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New ACLU Cellphone App Automatically Preserves Video of Police Encounters

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The ACLU in California today released a free smart-phone app that allows people to send cellphone videos of police encounters to the ACLU, automatically—and the ACLU will preserve the video footage, even if the cops seize the phone and delete the video or destroy the phone. The app, “Mobile Justice CA,” works for both iPhones and Android users. It’s available at Apple’s App Store and at Google Play.

The app features a large red “Record” button in the middle of the screen. When it’s pressed, the video is recorded on the phone and a duplicate copy is transmitted simultaneously to the ACLU server. When the “stop” button is pressed, a “Report” screen appears, where information about the location of the incident and the people involved can also be transmitted to the ACLU. The video and the information are treated as a request for legal assistance and reviewed by staff members. No action is taken by the ACLU, however, unless an explicit request is made, and the reports are treated as confidential and privileged legal communications. The videos, however, may be shared by the ACLU with the news media, community organizations or the general public to help call attention to police abuse.

The app is available in English and Spanish. It includes a “Know Your Rights” page.

The value of the Mobile Justice app was dramatized this month in the Los Angeles suburb of South Gate, where a bystander taped cops detaining people in her neighborhood. A second person was recording her, and in that video, a lawman rushes at the first woman, grabs her cell phone, and smashes it on the floor. The second video ended up on YouTube. (South Gate police later said the officer was not a local cop but rather a deputy US marshal.)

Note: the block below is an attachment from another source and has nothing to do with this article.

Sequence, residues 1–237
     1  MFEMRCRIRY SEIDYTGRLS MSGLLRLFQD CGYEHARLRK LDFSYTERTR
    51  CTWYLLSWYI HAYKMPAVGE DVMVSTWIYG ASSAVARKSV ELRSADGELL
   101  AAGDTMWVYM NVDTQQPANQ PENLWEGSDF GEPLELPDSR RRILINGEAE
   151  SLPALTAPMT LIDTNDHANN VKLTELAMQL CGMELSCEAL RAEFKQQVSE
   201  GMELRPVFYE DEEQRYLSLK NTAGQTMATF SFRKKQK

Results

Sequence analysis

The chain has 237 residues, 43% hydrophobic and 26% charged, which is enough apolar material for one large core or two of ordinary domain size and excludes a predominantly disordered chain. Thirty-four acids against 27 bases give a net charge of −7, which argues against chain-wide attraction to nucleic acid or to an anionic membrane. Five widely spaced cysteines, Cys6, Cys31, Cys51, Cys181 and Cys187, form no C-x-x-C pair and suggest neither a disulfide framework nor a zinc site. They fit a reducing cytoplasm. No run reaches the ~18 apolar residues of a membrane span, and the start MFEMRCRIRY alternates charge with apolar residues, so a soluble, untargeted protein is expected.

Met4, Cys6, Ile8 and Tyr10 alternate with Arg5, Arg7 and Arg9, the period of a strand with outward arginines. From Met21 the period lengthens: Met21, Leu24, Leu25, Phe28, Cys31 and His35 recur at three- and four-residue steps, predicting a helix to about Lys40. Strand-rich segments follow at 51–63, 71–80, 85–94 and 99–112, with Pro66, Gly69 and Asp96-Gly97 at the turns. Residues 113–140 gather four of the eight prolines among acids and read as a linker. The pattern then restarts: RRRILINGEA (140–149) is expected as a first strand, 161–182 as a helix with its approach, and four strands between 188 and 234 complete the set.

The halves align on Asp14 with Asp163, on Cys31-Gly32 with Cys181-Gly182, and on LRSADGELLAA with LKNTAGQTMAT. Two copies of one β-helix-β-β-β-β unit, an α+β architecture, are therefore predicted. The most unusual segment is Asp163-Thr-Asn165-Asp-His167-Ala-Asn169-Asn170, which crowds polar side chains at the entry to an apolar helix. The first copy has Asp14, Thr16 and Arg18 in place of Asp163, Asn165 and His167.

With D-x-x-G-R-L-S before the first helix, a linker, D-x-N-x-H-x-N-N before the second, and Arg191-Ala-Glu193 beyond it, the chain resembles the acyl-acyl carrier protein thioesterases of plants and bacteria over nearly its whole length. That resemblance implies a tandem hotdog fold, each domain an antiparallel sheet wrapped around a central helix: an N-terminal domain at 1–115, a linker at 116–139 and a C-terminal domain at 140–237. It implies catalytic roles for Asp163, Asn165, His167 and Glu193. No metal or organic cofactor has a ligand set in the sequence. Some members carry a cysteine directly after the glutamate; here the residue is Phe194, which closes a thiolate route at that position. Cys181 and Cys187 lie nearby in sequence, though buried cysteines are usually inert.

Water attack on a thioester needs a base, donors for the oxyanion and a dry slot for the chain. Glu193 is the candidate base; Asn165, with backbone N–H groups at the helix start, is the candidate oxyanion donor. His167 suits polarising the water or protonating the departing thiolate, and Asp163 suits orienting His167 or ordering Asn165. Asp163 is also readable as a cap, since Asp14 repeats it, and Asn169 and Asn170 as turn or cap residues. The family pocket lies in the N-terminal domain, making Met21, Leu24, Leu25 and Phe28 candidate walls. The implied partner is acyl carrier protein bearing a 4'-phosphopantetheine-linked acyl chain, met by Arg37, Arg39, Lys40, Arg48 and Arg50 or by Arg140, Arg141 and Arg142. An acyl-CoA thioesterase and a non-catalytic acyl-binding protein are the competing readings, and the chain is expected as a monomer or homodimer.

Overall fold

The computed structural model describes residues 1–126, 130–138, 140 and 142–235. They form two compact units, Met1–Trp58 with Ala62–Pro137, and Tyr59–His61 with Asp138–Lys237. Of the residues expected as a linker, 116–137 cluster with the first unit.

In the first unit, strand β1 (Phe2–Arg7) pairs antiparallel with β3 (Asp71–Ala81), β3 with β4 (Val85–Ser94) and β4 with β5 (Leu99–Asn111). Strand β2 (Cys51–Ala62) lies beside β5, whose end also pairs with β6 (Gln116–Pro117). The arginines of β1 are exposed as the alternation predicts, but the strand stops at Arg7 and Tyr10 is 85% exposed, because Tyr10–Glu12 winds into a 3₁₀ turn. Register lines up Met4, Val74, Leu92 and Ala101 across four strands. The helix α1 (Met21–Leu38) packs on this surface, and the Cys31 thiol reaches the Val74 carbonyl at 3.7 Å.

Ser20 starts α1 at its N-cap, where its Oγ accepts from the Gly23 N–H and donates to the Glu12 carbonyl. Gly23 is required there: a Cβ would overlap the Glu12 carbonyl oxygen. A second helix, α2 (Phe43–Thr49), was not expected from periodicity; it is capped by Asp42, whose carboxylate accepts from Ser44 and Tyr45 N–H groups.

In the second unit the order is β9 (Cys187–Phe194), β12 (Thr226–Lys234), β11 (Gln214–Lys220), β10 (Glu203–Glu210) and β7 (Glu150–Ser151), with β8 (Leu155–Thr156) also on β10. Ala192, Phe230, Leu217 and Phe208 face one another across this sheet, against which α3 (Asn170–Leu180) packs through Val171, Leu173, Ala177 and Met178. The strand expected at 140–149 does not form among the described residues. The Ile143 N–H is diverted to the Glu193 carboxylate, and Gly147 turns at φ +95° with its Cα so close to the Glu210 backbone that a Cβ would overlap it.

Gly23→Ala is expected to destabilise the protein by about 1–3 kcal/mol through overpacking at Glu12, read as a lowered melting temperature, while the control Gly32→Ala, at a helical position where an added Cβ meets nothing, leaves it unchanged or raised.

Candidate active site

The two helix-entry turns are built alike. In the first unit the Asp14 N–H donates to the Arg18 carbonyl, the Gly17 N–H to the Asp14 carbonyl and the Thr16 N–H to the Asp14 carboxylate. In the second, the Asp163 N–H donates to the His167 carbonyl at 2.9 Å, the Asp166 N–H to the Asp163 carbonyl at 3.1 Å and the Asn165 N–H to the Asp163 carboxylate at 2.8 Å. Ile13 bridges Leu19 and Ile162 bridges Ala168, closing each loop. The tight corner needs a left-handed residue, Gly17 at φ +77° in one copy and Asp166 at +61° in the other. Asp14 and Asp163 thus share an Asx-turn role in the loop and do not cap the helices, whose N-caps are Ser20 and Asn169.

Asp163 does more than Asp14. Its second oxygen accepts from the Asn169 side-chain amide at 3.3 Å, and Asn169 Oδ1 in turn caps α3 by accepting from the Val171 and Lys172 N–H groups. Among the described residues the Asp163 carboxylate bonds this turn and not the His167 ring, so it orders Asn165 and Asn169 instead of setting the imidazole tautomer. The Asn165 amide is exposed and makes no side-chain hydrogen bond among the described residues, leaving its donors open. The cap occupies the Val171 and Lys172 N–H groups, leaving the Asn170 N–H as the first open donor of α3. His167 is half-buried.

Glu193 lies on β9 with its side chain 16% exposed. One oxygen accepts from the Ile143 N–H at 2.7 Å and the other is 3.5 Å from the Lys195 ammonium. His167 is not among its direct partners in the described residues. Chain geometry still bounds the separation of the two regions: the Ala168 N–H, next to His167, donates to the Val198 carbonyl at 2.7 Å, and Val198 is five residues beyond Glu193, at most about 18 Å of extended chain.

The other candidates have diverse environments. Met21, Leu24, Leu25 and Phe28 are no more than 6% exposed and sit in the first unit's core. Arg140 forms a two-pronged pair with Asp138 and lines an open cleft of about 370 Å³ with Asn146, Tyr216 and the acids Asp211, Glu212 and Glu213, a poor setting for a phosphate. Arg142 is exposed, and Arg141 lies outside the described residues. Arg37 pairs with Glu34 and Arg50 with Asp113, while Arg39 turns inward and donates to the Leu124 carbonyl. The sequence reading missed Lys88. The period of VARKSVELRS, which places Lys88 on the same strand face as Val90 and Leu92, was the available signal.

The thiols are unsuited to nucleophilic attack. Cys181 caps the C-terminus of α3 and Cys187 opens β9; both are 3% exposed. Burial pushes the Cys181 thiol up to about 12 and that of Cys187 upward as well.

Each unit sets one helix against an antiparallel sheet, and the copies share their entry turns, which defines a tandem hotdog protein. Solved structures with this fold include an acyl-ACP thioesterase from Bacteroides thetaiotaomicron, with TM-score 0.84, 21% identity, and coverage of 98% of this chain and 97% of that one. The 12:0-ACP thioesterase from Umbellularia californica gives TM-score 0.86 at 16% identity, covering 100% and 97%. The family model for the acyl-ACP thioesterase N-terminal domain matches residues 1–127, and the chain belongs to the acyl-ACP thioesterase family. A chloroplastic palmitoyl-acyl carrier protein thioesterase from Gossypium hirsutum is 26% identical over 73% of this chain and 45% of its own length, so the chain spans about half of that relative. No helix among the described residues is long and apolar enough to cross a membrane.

Meanwhile in Texas, a proposed law would make it a crime for ordinary people to videotape police actions—on the grounds that it was “interference” with police activity. In California, on the other hand, the state senate this month approved legislation providing clear legal protection to people who videotape police activity without interfering with investigations.

How sad to live in a world where an app like this is undeniably necessary.

[source]


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Considering that even with video footage it's hard as hell to hold cops accountable for their actions, I'm not surprised.

http://www.nydailynews.com/news/national/video-shows-white-officer-kick-black-man-face-delaware-article-1.2215288


“Hate is too great a burden to bear. It injures the hater more than it injures the hated.” – Coretta Scott King

"Oppressive language does more than represent violence; it is violence; does more than represent the limits of knowledge; it limits knowledge." -Toni Morrison

He who passively accepts evil is as much involved in it as he who helps to perpetrate it.

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I have a feeling they will get a lot of kitten videos.


“If you know the enemy and know yourself, you need not fear the result of a hundred battles. If you know yourself but not the enemy, for every victory gained you will also suffer a defeat. If you know neither the enemy nor yourself, you will succumb in every battle.”

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